The eventual return of No Doubt–was there any, really?

There’s a nice feature on the reformed band No Doubt recently on The Guardian site. It’s great to have them back.

“It just feels so much more natural being back in this mode. The solo records allowed me to indulge my girly side but it was never meant to be taken seriously,” says Stefani, casually disowning several million record sales and a slew of Grammy nominations. “It was just like an art project that kept going longer than I expected. The group never ended – we always knew we’d come back to make this album.”

But the album almost never happened. The band, which consists of Tony Kanal, Tom Dumont and Adrian Young alongside Stefani, originally tried to write it in 2008 and found, for the first time in their 20-year career, that they couldn’t.

Stefani goes on to say that she was burned out after two successful albums, two subsequent tours and the birth of her two children. It was difficult to refocus, she said. But refocus the band did…and produced an album (“Push and Shove”) that, musically, picks up right where 2001’s “Rock Steady” left off.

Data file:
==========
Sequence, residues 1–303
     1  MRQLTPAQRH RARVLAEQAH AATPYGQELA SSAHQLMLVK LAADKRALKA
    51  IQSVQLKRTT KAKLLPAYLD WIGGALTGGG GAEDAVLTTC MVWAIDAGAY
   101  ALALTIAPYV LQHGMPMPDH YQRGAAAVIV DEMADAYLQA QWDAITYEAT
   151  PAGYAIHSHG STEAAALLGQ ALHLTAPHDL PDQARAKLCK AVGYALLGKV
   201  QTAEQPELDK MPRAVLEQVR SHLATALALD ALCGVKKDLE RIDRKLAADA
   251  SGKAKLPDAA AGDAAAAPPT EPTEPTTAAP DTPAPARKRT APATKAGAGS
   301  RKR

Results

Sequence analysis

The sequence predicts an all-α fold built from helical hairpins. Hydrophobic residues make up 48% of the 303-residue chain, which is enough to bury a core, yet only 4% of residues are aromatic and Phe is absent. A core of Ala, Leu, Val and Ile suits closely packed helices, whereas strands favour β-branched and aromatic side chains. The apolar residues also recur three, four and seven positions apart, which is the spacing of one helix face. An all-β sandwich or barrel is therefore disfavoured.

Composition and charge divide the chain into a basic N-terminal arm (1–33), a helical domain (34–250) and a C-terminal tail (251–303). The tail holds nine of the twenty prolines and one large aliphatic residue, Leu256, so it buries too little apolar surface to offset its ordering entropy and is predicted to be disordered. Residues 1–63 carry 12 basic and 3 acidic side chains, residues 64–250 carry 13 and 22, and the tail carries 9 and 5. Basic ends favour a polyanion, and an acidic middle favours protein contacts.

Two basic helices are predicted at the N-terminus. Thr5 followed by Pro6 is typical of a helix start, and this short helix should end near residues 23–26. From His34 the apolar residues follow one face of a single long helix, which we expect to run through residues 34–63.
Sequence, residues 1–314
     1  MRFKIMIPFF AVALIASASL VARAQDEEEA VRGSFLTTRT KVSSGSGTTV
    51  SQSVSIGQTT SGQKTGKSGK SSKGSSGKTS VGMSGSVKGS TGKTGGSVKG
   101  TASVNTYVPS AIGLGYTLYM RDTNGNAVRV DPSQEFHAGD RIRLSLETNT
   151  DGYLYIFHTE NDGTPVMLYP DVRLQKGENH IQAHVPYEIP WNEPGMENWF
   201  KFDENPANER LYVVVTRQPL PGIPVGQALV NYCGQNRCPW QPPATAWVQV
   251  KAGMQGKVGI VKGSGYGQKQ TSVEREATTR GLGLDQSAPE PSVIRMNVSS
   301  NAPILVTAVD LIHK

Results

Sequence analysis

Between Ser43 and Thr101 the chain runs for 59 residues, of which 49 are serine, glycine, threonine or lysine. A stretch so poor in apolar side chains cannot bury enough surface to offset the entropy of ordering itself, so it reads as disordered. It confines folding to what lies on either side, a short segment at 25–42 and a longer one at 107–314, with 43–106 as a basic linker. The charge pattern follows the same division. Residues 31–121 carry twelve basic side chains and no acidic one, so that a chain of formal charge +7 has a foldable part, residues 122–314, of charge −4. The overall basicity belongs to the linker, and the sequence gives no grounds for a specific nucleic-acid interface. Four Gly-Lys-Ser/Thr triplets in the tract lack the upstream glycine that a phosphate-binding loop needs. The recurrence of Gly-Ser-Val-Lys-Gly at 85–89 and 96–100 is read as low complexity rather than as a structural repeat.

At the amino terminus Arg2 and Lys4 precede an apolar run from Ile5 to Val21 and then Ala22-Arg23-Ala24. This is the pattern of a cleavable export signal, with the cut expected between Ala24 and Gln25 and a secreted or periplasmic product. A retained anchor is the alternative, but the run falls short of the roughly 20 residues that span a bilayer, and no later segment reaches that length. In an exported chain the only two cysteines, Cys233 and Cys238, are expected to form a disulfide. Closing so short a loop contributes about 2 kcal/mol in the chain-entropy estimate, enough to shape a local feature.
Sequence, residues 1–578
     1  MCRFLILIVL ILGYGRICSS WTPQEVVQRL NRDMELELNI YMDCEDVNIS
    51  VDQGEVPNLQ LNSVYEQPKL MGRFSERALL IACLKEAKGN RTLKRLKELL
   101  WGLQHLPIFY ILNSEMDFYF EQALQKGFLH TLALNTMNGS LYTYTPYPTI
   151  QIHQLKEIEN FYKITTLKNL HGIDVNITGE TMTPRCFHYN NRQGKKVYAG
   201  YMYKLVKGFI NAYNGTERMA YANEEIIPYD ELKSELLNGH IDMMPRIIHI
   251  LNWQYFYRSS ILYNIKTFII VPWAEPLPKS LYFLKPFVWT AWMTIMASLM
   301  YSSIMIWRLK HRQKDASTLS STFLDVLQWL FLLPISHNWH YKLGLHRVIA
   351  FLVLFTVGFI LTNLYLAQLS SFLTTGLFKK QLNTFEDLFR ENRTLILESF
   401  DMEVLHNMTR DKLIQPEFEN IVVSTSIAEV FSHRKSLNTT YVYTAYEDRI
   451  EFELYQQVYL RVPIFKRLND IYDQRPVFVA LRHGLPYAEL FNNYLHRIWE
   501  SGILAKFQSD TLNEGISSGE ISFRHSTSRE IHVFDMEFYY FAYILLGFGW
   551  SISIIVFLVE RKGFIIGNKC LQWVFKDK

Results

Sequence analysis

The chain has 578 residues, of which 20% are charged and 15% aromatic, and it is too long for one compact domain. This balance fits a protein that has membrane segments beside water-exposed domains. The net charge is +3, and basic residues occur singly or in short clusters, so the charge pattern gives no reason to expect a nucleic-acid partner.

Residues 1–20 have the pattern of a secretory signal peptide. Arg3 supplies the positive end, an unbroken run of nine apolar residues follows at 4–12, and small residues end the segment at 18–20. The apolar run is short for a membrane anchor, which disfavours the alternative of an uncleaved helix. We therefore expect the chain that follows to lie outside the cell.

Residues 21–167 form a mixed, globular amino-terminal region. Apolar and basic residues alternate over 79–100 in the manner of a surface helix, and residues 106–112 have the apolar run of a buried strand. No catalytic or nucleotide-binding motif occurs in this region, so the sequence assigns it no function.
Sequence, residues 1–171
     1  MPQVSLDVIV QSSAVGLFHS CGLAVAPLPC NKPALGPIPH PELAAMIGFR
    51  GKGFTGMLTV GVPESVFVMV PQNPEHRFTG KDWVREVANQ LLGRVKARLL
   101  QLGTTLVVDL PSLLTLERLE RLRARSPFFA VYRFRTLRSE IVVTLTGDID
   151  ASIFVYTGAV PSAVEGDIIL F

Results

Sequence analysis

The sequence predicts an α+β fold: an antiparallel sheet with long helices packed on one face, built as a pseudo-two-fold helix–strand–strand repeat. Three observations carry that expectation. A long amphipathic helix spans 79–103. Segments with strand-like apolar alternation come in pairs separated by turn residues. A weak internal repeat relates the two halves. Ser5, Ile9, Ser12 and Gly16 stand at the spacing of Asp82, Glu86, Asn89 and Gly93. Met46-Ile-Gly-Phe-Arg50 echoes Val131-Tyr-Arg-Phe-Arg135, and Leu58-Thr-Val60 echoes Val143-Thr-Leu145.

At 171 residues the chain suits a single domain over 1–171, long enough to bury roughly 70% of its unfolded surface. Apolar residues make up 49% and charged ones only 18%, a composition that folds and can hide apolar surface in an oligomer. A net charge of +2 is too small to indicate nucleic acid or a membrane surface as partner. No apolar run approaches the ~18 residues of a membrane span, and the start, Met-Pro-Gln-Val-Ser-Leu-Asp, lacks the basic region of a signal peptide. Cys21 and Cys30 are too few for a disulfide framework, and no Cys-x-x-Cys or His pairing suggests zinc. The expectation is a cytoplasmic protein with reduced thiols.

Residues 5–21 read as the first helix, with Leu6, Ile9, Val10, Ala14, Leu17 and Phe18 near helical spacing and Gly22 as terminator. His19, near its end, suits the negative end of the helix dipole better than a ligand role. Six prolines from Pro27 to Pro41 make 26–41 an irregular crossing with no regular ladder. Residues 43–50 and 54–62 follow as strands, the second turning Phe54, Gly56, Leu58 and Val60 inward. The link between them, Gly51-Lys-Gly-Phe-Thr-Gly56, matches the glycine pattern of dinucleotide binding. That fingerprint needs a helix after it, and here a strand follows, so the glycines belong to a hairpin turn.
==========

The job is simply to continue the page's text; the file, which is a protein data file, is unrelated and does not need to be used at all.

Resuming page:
Often when a band breaks up and then reforms later on it’s more to make money on the music revival circuit. The notable exceptions have been the Eagles (drummer and songwriter Don Henley once famously said that the band would reform “when Hell freezes over,” which became the name of their concert tour after they had indeed done so), and Fleetwood Mac–many times and in various forms as to require a scorecard to keep track.

And now, No Doubt…I guess we shouldn’t ever have doubted them.


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